The general baseline for Chase points is 1¢ per point (e.g. 50,000 points = $500). Depending on the card you have, your points can be worth more toward travel on the Chase Ultimate Rewards travel portal portal, or even more via those transfer partners.
CHASE ULTIMATE REWARDS TRAVEL PORTAL
Chase has its own equivalent of Expedia, Travelocity, Kayak, etc. You can book flights, hotels, rental cars, cruises, and experiences through the portal at a fixed point value.
You can book through the portal and pay with your Chase credit card (i.e. to earn points), or you can pay with Chase UR points at a fixed rate (use them to cover all or part of your total cost).
When redeeming for travel, some Chase cards will give you 1¢ per point in value (50,000 = $500), others will give you 1.25¢ per point (50,000 = $625), and another will give 1.5¢ per point (50,000 = $750).
Here are the current Chase cards that earn UR points and are available to apply for online:
Redeeming points via the portal can be good when: (1) your chosen airline or hotel is not a Chase transfer partner (2) you want to book rental cars or smaller / local hotels or airlines that do not participate in a loyalty program, or (3) when a partner program requires more points than the portal (explained in the next section below*).
CHASE TRANSFER PARTNERS
Chase currently has 11 transfer partners: 7 airlines and 4 hotels. They are pictured below. Chase UR points can be transferred to any of these programs at a 1:1 ratio (e.g. 10,000 UR points = 10,000 Marriott points). Note that Hyatt’s loyalty program has changed its name from Gold Passport to World of Hyatt.
Why are these so great? In some situations, transferring UR points to other loyalty programs and booking directly on their websites can yield even higher value per point than on the portal. Example: Say ‘Flight X’ is going to require 40,000 UR points on the Chase travel portal, but that same flight can be booked for only 30,000 United Airlines miles on United.com. Clearly you’d want to use only 30,000, so you transfer 30,000 UR points from Chase to your United MileagePlus account where they’re converted to United miles. You then book your flight there and save 10,000 points to put toward another trip.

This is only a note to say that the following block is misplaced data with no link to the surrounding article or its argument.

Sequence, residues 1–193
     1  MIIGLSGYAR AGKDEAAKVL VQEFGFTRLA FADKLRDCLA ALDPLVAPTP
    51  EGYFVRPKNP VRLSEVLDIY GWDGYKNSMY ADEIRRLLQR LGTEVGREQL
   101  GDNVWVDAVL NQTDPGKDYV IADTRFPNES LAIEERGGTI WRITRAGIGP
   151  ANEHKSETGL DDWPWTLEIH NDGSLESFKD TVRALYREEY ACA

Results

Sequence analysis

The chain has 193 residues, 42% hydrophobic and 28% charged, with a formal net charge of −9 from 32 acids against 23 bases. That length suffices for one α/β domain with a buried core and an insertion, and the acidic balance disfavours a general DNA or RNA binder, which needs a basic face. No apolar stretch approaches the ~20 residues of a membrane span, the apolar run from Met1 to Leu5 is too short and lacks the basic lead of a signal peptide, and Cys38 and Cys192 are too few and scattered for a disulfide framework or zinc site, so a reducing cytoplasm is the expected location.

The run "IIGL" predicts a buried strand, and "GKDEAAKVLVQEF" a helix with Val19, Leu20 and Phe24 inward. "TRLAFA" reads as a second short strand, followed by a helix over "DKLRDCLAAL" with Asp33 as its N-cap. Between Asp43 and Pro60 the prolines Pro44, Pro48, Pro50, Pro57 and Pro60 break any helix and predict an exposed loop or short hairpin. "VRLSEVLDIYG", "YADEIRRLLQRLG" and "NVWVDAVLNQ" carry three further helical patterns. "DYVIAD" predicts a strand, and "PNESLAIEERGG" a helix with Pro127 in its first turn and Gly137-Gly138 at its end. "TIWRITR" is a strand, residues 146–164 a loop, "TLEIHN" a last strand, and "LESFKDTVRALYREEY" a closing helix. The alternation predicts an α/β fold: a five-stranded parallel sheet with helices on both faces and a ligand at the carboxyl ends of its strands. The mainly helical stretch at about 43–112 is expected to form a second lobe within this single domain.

The same could be true for hotels, so always price out your trip on the Chase portal and also on the airline / hotel website to see which option requires the fewest number of points.
Of course, the advanced part of this strategy involves understanding the 3 airline alliances and using air miles from one program to book on another (like the earlier example of using Korean Air miles to fly Delta to Hawaii). That can be discussed in a future post. For now, keep things simple and recognize that using the portal vs. using transfer partners can yield different results depending on the trip.
CARD STRATEGY: POOLING
I’ll close with a final tip. Since all 5 of those Chase cards above earn the same type of points (UR points), the points can be pooled together. If you have the Sapphire Reserve card, you’re earning 3X on travel and dining, but only 1X on everything else. So for those non-travel and non-dining purchases, put them on the cards that will earn you more than 1X. For example, it would be wise to put your gym membership, drug store purchases, department store purchases, misc. bills, etc. on the Freedom Unlimited card to earn 1.5X. Then all those points from the Freedom Unlimited card can be moved to your Sapphire Reserve account where they will instantly be worth 50% more on the portal and have access to all the transfer partners. In addition, the regular Freedom card earns 5X in different categories that rotate each quarter (so when supermarkets earn 5X for 3 months, use the Freedom), and the Ink Business Preferred earns 3X in a bunch of categories, including: internet, cable, and phone.
Chase-branded credit cards that earn Ultimate Rewards points are some of the best cards on the market if you like to travel. Using 2 or more of them together can yield a high return on your spend while giving you a variety of favorable redemption outlets. Other hotel and airline credit cards have their place (benefits / perks), but typically should be avoided for everyday use.
Cover image source: UpgradedPoints.com